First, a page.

Despite being told in advertisements that it is "only a game", people take the lottery very seriously.
A man in Illinois won a million-dollar scratch-off ticket back in January. The day after he got his winnings, he dropped dead of cyanide poisoning. The case is still unsolved.
Back in February, a group of hairstylists who bought tickets together ended up in court, fighting over who got what.
But a New York man just found out the price for stealing someone else's ticket and cashing it in yourself.
Back in October 2006, Robert Miles bought a lottery ticket. That ticket went on to win $5 million. But Miles never saw that money. He returned to the store where he bought the ticket to see about cashing in what he may have won. Andy Ashkar, the son of the store owner, told him that the ticket was worth only $5,000 and that the store actually got a $1,000 cut of that. Ashkar gave Miles $4,000 cash and stashed the ticket away.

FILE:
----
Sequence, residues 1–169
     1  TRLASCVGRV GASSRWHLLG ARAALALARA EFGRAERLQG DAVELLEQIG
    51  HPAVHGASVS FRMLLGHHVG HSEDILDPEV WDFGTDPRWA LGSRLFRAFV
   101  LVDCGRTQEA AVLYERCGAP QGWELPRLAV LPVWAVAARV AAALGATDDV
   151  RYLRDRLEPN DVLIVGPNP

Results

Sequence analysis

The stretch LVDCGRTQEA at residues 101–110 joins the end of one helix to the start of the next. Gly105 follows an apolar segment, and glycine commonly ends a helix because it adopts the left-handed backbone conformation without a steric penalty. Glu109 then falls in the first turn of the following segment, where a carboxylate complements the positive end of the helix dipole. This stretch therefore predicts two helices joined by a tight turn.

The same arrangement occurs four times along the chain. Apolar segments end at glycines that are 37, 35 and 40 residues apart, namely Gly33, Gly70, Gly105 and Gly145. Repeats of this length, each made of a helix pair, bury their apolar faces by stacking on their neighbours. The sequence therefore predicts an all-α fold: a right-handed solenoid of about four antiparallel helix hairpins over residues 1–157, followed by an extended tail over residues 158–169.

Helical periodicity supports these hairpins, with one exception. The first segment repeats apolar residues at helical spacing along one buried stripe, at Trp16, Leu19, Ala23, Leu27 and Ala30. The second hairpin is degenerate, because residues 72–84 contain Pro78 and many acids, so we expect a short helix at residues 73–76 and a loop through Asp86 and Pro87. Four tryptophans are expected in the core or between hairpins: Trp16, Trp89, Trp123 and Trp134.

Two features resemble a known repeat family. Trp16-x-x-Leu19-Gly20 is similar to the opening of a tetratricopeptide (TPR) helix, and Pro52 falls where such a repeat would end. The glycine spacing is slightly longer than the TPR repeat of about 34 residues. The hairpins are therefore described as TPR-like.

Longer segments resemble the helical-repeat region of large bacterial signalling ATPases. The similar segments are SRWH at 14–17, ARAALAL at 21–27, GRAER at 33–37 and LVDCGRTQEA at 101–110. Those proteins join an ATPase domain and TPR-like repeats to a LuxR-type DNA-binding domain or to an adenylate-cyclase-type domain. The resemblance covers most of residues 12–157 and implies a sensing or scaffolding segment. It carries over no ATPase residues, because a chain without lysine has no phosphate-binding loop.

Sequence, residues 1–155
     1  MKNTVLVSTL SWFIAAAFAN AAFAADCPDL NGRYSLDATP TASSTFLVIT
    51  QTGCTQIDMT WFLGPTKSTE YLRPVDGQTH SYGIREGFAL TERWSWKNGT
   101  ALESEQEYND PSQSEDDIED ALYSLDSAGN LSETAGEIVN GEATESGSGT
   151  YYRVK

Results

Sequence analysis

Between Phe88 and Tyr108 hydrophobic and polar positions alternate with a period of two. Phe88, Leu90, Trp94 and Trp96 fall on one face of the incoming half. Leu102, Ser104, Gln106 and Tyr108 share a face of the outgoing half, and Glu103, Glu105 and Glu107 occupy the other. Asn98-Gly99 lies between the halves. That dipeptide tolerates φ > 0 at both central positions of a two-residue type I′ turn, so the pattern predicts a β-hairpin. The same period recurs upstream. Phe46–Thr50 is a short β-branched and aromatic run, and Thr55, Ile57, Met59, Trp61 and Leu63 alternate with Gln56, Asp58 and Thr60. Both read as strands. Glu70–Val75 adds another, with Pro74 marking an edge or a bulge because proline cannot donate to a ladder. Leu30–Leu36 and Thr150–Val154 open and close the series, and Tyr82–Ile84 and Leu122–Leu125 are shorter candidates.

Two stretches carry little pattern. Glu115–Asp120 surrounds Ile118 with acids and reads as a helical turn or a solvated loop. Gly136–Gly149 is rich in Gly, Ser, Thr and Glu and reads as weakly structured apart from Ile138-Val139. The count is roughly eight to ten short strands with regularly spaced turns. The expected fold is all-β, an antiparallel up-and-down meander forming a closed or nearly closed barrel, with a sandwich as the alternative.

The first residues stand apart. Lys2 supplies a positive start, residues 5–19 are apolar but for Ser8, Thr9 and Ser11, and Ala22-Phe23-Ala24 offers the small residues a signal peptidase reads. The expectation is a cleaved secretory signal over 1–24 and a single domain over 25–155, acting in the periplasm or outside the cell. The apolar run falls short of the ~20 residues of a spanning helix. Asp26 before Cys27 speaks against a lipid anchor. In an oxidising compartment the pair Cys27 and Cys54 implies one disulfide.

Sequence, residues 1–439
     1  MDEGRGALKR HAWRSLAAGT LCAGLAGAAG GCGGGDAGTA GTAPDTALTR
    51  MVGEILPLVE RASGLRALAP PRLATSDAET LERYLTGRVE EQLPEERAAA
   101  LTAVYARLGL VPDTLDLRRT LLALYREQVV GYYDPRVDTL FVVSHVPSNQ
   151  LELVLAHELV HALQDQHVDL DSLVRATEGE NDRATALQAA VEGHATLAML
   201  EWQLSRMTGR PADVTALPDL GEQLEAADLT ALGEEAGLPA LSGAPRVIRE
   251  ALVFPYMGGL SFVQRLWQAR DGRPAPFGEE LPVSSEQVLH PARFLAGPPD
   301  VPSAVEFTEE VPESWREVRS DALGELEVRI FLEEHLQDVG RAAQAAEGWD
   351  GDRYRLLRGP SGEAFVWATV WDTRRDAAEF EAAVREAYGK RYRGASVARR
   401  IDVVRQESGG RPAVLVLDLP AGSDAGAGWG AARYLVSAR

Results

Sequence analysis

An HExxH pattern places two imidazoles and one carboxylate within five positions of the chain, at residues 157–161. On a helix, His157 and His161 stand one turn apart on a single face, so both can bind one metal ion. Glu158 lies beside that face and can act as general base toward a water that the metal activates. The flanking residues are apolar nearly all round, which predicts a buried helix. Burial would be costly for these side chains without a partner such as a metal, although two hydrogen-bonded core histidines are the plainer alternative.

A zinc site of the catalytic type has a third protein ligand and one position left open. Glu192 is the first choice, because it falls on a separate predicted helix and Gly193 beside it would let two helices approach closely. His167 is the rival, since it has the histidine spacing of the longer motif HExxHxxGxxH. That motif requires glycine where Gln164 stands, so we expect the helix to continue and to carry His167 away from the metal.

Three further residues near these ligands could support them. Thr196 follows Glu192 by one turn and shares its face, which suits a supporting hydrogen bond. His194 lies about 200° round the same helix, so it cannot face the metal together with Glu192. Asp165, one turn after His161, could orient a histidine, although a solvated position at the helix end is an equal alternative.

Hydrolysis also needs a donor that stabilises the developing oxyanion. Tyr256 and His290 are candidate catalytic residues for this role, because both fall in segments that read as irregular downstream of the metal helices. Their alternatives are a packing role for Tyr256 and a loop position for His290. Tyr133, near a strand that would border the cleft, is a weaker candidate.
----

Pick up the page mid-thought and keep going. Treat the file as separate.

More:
Fast forward six years. The deadline for cashing that lottery ticket was about to pass. Ashkar had waited as long as he could and made his move to get his winnings.
Trouble was, he ended up in court, with Robert Miles looking to get his money back.
The Post-Standard reports that Ashkar was charged with felony possession of stolen property. Robert Miles testified in court that he ws high on crack cocaine when he went to cash in the ticket. And he now says he has forgiven Ashkar. But the judge saw it differently.
"Mr. Ashkar, let me tell you something," Onondaga County Judge Joseph Fahey said. "You exhibited some of the most rapacious greed I've seen in a long, long time. I sat here and I listened to you talk about the fact that you had a $150,000-a-year income from an auto dealership," the judge told Ashkar. "You know something?" Fahey asked. "It would've made a big difference in Robert Miles' life. You took advantage of somebody who was weak, somebody who was vulnerable, somebody who was confused. Your conduct as far as I'm concerned was nothing short of predatory."
He then sentenced Ashkar to the maximum sentence possible for his crime: 8 1/3 to 25 years.
"We're disappointed," Andy Ashkar's attorney, Robert Durr said. "Based on my client's lack of criminal history and being a fairly productive member of the community, I thought the maximum was a bit excessive."